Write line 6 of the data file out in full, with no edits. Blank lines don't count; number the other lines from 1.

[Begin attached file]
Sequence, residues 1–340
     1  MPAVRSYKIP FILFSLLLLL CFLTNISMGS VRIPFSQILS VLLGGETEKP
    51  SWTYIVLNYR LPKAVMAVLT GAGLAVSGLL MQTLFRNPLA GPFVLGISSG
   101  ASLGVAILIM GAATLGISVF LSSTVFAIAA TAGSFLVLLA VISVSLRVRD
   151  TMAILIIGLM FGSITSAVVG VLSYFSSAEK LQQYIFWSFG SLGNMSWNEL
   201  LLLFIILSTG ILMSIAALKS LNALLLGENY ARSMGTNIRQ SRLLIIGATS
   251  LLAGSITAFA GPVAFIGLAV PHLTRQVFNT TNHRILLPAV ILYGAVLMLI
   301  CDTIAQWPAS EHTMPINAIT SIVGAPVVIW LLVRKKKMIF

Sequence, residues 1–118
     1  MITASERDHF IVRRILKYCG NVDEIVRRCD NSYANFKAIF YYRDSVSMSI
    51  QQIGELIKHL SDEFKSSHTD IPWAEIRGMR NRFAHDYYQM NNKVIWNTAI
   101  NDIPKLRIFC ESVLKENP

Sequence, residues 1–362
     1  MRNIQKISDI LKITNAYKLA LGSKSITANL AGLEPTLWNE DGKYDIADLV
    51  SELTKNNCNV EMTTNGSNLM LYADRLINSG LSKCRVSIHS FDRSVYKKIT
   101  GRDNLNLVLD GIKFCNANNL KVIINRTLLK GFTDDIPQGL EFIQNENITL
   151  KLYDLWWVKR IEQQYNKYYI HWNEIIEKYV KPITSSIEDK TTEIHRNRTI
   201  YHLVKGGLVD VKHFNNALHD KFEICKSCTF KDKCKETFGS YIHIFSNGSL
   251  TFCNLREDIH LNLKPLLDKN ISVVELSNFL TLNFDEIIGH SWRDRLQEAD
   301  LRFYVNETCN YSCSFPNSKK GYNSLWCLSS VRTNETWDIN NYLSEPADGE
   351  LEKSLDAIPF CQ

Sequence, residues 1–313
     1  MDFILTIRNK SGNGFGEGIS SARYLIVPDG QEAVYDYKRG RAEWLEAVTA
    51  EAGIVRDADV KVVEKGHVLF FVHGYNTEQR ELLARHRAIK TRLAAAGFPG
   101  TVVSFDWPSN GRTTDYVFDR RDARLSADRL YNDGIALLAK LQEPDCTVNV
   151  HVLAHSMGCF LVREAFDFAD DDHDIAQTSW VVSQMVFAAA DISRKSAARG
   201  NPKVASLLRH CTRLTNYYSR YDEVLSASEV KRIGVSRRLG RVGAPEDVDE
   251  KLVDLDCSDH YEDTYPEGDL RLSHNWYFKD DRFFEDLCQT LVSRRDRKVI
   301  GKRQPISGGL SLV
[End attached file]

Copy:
   201  LLLFIILSTG ILMSIAALKS LNALLLGENY ARSMGTNIRQ SRLLIIGATS